The Show Must Go On continues with more lyrical dancing to 'Ballerina girl', a full-cast 'Macarena', a humorous 'Private dancer' stint onstage for the DJ, and a Leonardo Di Caprio and Kate Winslet-inspired response to 'My heart will go on'. Then plunged into blackness once again, the Sadler's Wells audience sang along with 'Imagine', 'Yellow submarine' and 'The sound of silence'. There's too much time when the audience is left alone with nothing happening onstage, but when the performers are present, it's hard not to love Bel's creation.

In a glorious finale, the performers wear headphones, listening to a variety of different songs and shouting out at key moments, resulting in a melange of lyrics from "I'm still standing" and "take me to church" to "we are family" and many others. Then, to 'Killing me softly', the cast mouth the words before falling to the floor as if dead. But of course, the show must go on and as the title song plays, the cast take a well-deserved bow.

Friday, 13 March 2015

Natalia Osipova

Natalia Osipova talk, Ballet Association, Bloomsbury Central Baptist Church - 11th March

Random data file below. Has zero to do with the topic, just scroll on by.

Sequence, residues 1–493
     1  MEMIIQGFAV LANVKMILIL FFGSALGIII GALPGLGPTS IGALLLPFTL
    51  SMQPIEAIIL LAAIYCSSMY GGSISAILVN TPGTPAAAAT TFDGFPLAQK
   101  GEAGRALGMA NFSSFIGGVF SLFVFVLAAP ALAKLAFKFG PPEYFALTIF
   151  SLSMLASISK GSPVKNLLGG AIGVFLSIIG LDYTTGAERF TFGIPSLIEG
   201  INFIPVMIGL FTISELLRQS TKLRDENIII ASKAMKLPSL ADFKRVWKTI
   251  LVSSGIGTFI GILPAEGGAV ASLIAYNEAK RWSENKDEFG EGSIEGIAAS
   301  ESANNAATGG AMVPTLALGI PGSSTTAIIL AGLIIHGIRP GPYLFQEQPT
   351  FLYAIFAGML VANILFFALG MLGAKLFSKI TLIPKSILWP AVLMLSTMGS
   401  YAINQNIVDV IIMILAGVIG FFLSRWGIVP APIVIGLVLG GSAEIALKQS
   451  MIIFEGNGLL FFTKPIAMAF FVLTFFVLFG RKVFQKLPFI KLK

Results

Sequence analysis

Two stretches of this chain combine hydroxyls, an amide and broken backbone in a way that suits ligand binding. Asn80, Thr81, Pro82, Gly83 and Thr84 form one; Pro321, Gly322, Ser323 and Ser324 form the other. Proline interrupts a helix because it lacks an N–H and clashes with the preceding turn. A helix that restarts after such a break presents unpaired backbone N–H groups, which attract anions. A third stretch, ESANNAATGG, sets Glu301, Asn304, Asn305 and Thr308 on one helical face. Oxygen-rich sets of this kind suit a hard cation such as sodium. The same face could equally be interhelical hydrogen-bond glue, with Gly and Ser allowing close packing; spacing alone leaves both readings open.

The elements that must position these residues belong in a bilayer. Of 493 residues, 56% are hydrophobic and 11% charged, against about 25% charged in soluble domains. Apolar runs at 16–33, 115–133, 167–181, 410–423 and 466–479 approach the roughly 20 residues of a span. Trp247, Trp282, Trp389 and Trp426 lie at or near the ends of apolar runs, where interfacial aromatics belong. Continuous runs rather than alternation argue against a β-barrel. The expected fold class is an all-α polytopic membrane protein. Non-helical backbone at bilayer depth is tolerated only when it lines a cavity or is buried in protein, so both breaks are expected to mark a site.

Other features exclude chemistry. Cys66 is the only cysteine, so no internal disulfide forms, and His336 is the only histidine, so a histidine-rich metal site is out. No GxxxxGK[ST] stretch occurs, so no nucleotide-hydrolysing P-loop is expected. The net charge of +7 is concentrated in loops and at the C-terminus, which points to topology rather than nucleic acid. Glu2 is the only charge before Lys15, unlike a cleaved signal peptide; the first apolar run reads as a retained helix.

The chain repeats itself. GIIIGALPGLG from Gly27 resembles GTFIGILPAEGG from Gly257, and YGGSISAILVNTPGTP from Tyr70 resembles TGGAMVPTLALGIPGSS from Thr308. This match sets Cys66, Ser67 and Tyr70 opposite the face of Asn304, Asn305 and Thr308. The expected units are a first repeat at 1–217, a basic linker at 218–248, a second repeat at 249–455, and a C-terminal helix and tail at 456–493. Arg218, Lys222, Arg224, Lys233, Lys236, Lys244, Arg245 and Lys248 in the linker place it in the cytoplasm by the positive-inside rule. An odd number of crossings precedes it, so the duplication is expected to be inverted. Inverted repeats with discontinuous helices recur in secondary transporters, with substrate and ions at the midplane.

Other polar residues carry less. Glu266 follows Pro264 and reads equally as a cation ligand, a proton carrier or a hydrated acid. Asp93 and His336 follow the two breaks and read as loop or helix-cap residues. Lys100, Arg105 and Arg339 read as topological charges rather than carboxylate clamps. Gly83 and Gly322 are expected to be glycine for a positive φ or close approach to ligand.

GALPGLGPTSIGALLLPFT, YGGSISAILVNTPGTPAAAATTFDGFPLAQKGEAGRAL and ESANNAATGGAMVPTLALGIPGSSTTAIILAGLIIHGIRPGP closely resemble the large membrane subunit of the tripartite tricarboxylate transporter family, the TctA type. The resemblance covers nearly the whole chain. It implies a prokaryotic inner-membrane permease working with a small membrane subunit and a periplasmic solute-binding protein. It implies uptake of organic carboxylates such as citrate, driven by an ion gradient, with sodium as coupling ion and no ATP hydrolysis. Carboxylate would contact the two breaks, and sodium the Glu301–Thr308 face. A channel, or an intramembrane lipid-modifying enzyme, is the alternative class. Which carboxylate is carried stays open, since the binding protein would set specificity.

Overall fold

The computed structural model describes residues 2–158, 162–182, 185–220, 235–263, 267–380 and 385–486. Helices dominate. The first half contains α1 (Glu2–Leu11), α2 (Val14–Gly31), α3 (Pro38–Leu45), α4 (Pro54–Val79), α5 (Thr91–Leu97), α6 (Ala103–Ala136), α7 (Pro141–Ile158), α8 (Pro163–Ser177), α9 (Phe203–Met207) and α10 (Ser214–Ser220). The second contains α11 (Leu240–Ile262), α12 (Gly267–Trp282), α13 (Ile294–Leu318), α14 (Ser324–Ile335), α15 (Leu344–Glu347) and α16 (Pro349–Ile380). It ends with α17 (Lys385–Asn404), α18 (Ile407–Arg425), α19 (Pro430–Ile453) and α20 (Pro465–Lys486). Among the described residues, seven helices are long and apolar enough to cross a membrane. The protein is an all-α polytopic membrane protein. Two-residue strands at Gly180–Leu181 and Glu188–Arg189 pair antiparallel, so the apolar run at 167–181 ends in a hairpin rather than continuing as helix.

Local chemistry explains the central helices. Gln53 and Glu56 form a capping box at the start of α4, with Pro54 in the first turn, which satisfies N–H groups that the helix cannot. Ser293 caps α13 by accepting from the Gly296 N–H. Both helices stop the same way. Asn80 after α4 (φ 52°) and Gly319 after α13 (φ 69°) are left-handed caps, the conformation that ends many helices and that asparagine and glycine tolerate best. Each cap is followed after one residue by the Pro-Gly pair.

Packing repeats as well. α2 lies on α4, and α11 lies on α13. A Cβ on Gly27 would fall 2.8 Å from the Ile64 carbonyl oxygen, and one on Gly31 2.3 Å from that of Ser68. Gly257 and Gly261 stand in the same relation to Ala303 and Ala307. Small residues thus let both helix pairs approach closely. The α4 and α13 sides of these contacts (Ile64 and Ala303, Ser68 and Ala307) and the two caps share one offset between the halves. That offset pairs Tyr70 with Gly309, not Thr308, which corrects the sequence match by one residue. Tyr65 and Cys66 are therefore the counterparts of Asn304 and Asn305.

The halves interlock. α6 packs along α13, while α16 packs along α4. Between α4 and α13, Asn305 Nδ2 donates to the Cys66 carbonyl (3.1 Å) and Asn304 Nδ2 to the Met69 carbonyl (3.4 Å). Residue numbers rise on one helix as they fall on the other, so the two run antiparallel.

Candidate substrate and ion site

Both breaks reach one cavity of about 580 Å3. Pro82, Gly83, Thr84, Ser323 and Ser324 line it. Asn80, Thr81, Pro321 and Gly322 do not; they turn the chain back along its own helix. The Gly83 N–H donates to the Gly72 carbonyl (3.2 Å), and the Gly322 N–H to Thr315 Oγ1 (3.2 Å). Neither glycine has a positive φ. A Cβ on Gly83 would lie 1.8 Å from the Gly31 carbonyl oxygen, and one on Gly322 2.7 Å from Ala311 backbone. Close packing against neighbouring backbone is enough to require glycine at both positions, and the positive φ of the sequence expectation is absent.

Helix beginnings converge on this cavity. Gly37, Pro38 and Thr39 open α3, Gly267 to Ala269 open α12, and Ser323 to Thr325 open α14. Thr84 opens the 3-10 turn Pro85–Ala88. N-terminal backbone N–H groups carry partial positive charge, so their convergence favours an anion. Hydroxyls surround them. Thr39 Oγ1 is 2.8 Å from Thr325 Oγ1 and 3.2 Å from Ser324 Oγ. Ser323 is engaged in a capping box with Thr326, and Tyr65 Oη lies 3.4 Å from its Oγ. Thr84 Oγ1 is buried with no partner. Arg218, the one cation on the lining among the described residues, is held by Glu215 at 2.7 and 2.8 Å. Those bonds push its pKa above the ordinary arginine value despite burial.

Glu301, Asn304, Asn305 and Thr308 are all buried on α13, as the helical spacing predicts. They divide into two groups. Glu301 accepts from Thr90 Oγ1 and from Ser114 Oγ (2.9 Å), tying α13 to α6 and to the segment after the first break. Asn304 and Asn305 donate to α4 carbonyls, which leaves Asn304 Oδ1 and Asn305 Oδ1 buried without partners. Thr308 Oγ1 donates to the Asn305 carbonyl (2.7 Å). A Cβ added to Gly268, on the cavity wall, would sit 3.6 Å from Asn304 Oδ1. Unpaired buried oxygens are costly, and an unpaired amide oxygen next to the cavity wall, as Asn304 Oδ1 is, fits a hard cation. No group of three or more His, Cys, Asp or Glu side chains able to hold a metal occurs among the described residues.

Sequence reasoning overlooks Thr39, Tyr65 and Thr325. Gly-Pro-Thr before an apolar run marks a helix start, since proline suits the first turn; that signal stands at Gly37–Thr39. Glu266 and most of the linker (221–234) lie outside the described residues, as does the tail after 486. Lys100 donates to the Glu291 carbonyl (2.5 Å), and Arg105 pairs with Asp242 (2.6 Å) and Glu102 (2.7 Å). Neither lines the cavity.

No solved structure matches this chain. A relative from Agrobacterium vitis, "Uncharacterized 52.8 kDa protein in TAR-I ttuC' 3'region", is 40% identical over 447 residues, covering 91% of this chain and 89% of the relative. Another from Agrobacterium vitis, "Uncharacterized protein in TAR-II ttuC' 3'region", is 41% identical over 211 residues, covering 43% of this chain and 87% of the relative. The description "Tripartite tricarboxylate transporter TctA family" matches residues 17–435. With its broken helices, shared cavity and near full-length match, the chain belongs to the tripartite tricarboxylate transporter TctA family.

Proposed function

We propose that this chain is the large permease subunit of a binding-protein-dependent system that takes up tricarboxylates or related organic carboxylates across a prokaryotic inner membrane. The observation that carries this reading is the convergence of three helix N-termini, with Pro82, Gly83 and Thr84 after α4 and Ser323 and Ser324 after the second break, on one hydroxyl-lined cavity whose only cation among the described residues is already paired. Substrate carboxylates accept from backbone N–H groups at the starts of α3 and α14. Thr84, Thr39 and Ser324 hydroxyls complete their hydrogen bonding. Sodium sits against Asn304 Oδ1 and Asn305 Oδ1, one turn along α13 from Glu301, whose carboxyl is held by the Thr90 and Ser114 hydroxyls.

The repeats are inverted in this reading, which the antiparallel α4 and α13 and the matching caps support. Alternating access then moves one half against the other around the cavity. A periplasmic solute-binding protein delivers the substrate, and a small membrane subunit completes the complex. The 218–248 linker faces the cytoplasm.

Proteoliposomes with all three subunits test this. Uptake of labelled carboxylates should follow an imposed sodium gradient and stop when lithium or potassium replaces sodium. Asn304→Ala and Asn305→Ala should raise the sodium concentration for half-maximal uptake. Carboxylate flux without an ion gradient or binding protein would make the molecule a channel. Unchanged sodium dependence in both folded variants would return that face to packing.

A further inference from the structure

Natalia Osipova, Royal Ballet principal (and my favourite ballerina), was the guest of the Ballet Association on Wednesday. In a fascinating interview, in which she spoke in her native Russian, she explored her extraordinary career - from dreaming of being a doctor to critical acclaim and even breaking Carlos Acosta’s nose! 
  
Natalia Osipova in Giselle
Photo: Bill Cooper / ROH
Osipova grew up in a "simple family, without ballet or art". She did gymnastics for four years but then had to stop due to injury: "It was a big tragedy as I wanted to be Olympic champion. My parents sent me to ballet school and it was again a tragedy as I didn't want to do it."
   
Osipova found ballet easy and was "so bored" that her teachers complained she was always looking out of the window! At the age of 12, she left ballet school for three months to go into mainstream education with dreams of becoming a doctor. When she returned to ballet school, she felt like she "really started dancing" as her class performed a Russian dance in a gala at the Bolshoi Theatre. The experience inspired a lifelong love for being onstage: "I love performing. The energy coming from an audience feels great. It's the most important part of my profession. We work so hard – feeling the appreciation is why we do it. Ballet and preparing roles has become part of my life, without which I cannot live.”
   
In her final year at ballet school, teachers advised Osipova that the Bolshoi Ballet wouldn't be interested in her, as she was very small and had an "unusual energy". Fortunately the company's directorship changed just as she was graduating. She performed a Spanish character dance for the new director Alexei Ratmansky, and "put so much into it" that he said “you have to join the Bolshoi”. She joined the company in the corps de ballet and had her first major role as Kitri in Don Quixote: